One way to help prevent ice dams is to make sure your attic’s insulation is adequate and uniform. Say a part of your roof becomes warm enough to melt snow. If that water then flows down your roof’s slope and later encounters a cold patch, that water can turn back to ice. Now you have an ice dam.
“In severe cases, it can even make its way into the living space through the ceiling,” he warns. Of course, the more water that enters your home, the more damage you’ll have to contend with and the more expensive the repair.
When insulating the attic, Ake prefers cellulose which “works off the principle of density, so as it condenses with time it actually becomes a little bit more efficient.” As blown-in fiberglass, settles, meanwhile, it can lose some of its insulation value, making it less efficient.
If you neglect your insulation and end up with damage, you may have to wait until spring to call in the repair. Asphalt roofing shingles get brittle in sub-freezing temperatures, according to the Canadian Asphalt Shingles Manufacturers Association. Put too much pressure on them—like when a contractor walks on them while making a repair—and they can crack or break apart, causing more damage than if you’d held off and waited for milder days.
Clean out your rain gutters before Old Man Winter comes to town. Leaves and debris left over from fall can cause rainwater to get stuck. When temperatures drop this trapped water freezes and can damage your gutter and roof. Then as the ice melts, it has an easier path to the interior of your home. If you’re unable to, a handyman can clean gutters for just a few hundred bucks when the weather is mild. That’s a small price to pay compared to the potential cost of structural damage to the siding or framing of your house.
Finally, ensure that your gutter rainspouts are directed away from your house. Otherwise water can accumulate under your house and cause foundation and mold problems. Both are expensive and cumbersome to fix.
SEE ALSO: 12 Tips to Ice Out Ice This Winter
Fireplace and Chimney
A wood burning fireplace adds ambiance and warmth during the coldest months of the year. If not properly maintained, however, it can also increase the chances of house fire. Over time the chimney flue can become clogged with debris or lined with creosote, either of which can cause smoke to build up and flood back into your home. Those conditions could even spark a chimney fire, which can quickly spread throughout your home. Avoid an expensive catastrophe by burning a $15 chimney log once a year to clear soot build-up and then having a pro thoroughly sweep the cavity once every few years.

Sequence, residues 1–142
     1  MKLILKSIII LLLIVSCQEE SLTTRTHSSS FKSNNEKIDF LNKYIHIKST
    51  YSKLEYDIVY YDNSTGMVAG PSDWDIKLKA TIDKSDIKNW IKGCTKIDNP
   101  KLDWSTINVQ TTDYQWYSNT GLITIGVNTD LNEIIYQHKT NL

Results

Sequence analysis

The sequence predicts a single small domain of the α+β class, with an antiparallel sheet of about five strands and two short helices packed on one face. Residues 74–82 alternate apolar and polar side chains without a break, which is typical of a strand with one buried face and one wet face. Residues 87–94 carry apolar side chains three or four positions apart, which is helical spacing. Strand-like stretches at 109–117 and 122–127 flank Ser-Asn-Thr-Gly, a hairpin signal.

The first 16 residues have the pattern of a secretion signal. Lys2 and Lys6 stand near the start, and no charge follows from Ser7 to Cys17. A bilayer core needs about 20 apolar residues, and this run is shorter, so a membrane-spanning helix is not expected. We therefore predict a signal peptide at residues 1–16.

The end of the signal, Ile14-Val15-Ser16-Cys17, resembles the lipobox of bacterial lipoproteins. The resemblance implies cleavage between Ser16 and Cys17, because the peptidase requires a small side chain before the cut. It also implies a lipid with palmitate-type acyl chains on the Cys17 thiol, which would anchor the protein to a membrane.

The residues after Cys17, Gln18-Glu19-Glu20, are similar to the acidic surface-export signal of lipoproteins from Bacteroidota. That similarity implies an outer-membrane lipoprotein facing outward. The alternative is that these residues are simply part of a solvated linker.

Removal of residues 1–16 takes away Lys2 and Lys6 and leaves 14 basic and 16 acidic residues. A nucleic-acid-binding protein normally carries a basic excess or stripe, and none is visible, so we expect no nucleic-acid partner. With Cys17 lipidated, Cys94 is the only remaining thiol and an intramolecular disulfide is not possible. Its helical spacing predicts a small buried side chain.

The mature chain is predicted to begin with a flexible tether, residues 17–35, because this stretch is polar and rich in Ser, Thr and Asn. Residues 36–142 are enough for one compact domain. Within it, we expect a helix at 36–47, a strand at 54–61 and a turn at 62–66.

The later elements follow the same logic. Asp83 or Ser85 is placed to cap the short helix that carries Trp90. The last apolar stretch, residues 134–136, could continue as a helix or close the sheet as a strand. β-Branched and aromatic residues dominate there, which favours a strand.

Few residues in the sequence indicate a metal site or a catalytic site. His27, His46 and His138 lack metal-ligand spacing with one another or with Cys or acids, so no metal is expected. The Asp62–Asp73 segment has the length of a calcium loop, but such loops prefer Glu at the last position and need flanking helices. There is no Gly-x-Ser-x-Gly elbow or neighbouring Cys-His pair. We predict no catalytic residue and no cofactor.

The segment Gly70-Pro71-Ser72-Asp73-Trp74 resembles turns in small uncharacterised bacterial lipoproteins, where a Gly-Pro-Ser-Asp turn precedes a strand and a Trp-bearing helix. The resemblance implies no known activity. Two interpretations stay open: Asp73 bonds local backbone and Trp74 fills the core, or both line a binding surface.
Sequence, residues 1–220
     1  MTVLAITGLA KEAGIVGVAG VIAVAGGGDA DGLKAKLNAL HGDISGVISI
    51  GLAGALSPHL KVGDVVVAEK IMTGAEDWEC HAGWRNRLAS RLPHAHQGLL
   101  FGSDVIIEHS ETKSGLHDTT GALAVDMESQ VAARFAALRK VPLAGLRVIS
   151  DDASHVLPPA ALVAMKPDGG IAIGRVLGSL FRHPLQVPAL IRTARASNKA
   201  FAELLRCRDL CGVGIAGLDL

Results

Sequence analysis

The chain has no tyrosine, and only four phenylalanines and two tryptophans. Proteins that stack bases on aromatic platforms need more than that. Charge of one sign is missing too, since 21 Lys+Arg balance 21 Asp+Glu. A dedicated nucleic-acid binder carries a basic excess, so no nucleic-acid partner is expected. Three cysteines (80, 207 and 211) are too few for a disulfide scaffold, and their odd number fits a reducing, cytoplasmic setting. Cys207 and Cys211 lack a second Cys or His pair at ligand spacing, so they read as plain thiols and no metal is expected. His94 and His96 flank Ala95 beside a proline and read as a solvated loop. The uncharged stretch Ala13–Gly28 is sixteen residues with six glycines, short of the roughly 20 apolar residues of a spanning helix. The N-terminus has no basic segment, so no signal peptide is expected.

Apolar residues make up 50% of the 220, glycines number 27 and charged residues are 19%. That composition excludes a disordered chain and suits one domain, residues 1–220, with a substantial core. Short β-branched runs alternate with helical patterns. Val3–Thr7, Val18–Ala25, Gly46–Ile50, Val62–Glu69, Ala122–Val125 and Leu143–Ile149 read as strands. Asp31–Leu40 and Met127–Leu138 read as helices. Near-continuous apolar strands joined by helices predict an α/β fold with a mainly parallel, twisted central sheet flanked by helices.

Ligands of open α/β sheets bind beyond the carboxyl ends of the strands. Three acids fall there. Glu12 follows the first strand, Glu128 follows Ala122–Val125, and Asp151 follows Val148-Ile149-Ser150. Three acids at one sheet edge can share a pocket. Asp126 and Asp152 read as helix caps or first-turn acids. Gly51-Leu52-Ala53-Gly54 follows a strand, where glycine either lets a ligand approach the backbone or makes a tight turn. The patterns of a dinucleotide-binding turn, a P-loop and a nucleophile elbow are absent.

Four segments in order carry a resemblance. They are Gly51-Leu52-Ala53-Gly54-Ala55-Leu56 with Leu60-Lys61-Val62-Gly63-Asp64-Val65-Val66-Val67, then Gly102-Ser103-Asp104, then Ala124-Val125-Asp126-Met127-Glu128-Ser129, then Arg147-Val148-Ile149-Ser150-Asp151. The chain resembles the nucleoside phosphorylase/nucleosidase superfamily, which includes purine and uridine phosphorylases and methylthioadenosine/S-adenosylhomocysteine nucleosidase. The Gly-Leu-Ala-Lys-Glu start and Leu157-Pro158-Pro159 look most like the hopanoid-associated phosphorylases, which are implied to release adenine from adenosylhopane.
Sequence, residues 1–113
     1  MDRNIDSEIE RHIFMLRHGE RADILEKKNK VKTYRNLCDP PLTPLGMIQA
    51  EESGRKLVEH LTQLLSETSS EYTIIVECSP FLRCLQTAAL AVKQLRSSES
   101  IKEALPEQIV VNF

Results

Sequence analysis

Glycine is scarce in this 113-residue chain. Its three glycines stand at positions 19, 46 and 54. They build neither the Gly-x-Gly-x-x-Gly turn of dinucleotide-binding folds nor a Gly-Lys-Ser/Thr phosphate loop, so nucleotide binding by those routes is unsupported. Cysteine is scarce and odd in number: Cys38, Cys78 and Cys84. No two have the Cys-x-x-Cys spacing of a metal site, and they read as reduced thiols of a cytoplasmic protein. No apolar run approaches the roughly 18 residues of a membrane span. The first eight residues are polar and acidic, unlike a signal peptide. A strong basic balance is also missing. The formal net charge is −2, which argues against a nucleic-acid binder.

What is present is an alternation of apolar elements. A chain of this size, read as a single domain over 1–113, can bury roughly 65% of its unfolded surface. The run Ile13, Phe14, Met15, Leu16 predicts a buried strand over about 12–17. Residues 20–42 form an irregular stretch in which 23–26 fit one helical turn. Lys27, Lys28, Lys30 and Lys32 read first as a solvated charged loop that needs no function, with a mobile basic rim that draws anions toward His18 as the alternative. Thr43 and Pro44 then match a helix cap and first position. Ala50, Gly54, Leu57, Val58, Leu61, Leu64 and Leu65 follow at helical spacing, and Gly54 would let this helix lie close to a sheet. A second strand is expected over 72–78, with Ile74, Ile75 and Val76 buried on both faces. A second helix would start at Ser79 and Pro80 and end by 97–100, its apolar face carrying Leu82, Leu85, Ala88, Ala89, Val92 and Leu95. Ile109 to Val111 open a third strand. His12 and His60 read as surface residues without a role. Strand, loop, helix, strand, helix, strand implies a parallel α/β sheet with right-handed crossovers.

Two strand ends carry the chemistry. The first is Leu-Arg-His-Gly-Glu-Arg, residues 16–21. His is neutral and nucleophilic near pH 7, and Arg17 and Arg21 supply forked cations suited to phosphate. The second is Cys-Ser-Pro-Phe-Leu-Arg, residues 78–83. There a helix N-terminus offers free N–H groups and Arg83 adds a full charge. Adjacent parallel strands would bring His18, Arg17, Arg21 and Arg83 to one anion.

SEE ALSO: 5 Cool Tips for Heating your Home Safely
If you have an in-ground swimming pool, a little preventative work at the end of swimming season can help you avoid hundreds to thousands of dollars in unneeded repairs. For example, if you keep the water level too high tiles often crack, which can cost $500 or more to repair, said Michael Kern of MGK Pool Service in Lowell, Massachusetts.
And tiles may be the least of your worries. “Lower the water line too much and the pool cover—which can easily cost $2,000—can rip and fall in,” Kern warns. “I’ve even seen the cover fall in and tear the pool liner, which then drained the whole pool. The bottom line was over $10,000 in damages.”
Also ensure that you properly winterize your pool’s pump and filter, which can cost thousands of dollars to repair if damaged. “Pool owners usually have no problem clearing the skimmer line, but few have the equipment or knowledge to properly blowout the main drain line,” added Kern.
In short, shelling out a couple hundred bucks to have a pro close your pool at the end of the season could save you a bundle when the weather turns cold.
When to Call in a Pro
If you’re not sure how to identify potential problems on your own, you don’t have to go at it alone. You can call in a professional to vet your home for you.
For a few hundred bucks, a plumber can check your home’s interior and exterior pipe lines to check for proper insulation and inspect sewer vents. For a more thorough analysis of your home’s systems, call in a risk management professional who, for a few thousand, can perform an in depth inspection of your home’s internal and external systems to identify any potential problems.
When it comes to laying your home’s winter groundwork, that old Ben Franklin adage is worth remembering— an ounce of prevention really is worth a pound of cure. That’s true whether you DIY or outsource your prep. Even the little things, like making sure you have sand, salt, flashlights, and snow shovels readily available, can be the difference between silently suffering and weathering the storm.
Bottom line? Putting in a little upfront time and effort can save you a whole lot of money—and hassle!—later, when Old Man Winter blows into town.
While you’re at it, don’t forget to perform a check on your homeowner’s insurance. No one wants to wait until after their home has suffered damage to find out they’re improperly covered for mold or water back-ups.